“Let go of that which no longer serves you.”
I’ve always been terrible at heeding this advice. After all, I do still possess several Forever21 sparkly shirts that I wore as dresses back in my 2008 college bar days. Have I worn any of them since I frequented the kind of establishments where my shoes stuck to the floor? No. Do I know why I still keep hanging onto them after countless years of spring cleaning, four moves, college graduation, a marriage, and two kids? The answer to that question is also a resounding “no”.
But while there’s so much to be said about cleansing our physical possessions to start anew, we often overlook the less obvious spring cleaning that we’d all benefit from. Living the last year in a global pandemic existence has weighed down our minds with a lot of heavy mental clutter. It seemed like, midway through the first months of quarantine, everyone decided to start purging physical possessions, cleaning out closets, and reorganizing garages. Let’s all just agree to take a pause to declutter our minds and hearts alongside our kitchen junk drawers.
Detox your devices
This one might seem daunting, but it is so easy to overlook that tiny handheld box that, for many of us, serves as our calendar, alarm clock, camera, communication tool, portable child entertainment system. So grab your computer, phone, and tablet. I highly recommend focusing on the three biggest sources of overwhelm for many of us; your inbox, contacts, and social media.
Purge your inbox.
We may not all be able to commit to total inbox zero, but it’s easy to start small. That tiny ‘Unsubscribe” button at the bottom will free you from all of those e-newsletters and coupons from websites you visited one time eight years ago and never bought anything. Since beginning my ‘unsubscribe from the unnecessary’ campaign a few months ago, I’ve noticed that I dread opening my email each morning less and less.
Clean up that contact list.
Old coworkers you barely ever talked to when you worked ten feet apart, exes, or your neighbor from your first apartment out of college are not the contacts you want to be receiving an accidental 7 AM facetime call from your toddler. Delete them! Bonus tip: If you’re really that nostalgic and/or afraid you’ll regret deleting one of those numbers? You can always save a backup copy of all of your contacts in the cloud.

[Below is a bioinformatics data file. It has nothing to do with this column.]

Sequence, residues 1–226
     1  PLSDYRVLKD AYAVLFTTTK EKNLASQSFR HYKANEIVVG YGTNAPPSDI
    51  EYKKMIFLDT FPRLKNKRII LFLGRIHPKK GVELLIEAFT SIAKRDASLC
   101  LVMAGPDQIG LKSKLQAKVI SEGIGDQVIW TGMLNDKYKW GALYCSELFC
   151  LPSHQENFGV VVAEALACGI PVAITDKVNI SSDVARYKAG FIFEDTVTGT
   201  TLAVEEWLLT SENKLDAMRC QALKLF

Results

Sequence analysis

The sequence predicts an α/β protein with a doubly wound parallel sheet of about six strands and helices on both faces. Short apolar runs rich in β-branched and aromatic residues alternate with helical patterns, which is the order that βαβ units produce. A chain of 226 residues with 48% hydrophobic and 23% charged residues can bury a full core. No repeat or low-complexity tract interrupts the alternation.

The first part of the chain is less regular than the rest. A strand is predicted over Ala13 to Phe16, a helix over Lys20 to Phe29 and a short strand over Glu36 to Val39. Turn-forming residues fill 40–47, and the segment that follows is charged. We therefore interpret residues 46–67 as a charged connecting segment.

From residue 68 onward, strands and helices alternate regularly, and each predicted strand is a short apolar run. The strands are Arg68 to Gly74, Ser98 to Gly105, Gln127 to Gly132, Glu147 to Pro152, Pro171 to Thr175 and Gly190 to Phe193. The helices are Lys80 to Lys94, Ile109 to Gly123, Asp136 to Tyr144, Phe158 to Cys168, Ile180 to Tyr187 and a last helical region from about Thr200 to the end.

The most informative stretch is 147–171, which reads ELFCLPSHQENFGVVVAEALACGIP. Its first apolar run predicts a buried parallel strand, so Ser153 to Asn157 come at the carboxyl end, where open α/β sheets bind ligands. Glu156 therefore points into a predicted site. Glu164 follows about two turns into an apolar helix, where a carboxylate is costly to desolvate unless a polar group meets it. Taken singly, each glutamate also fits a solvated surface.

Purge your social media. Unfriend, unfollow, and unlike.
An acquaintance from middle school who only reaches out when she’s trying to sell you something? Bye Felicia, literally. Twenty-something fashion influencer a decade your junior who rails on side parts and skinny jeans being uncool now? You don’t need that kind of negativity in your life. Click that beautiful unfollow button! Maybe purging some (or all) forms of social media altogether from your life would give you some much-needed mental freedom. Go for it!
Clear your schedule
I’ve always prided myself on being civically, socially, and physically engaged with the world around me. Pouring myself into others non-stop can leave me feeling empty if I’m not intentional about finding balance in my priorities. I think staring down the barrel of being a mother of two has kicked me into high gear in terms of prioritizing how I spend my time. I have been asking myself, “Am I sticking with this (organization, volunteer position, hobby, goal) out of sheer obligation as opposed to actual passion and desire?” Just like you don’t need 10 different shades of pink lipstick, you don’t need to commit your time to ten different extracurriculars. Don’t let decision fatigue overwhelm you. Decide what matters the most to you, what will help you feel most fulfilled, and cling to that with iron-clad determination.
Reboot your finances
Don’t tell my husband I said this, but I do actually enjoy our annual big picture money discussions. While we communicate about money openly and often throughout the year, there is something refreshing about planning around the upcoming year’s financial outlook. Take a look at the money coming in and the money going out. We love using Mint.com to help automate this task. Evaluate your budget, upcoming plans and evaluate the progress towards your goals. Don’t forget to shop around for insurance and make sure you have adequate coverage. Financial security provides tremendous inner peace.
Cleanse your spirit
We all define self-care a little differently. Build into your spring cleaning that one activity, or a few activities, that help you reclaim your inner peace. Go for a run. Get a manicure or a massage. Plan a fun date night with your spouse or significant other. Take a long hot bath with your favorite drink of choice and a captivating book. Call a friend that you haven’t connected with in a while. Go wander Target aimlessly and fill your cart with $250 of home goods you probably don’t actually need but will refresh your house for spring. Meditate. Whatever way you most like to show self-kindness and self-love, you do you!
What makes you feel most refreshed heading into spring cleaning?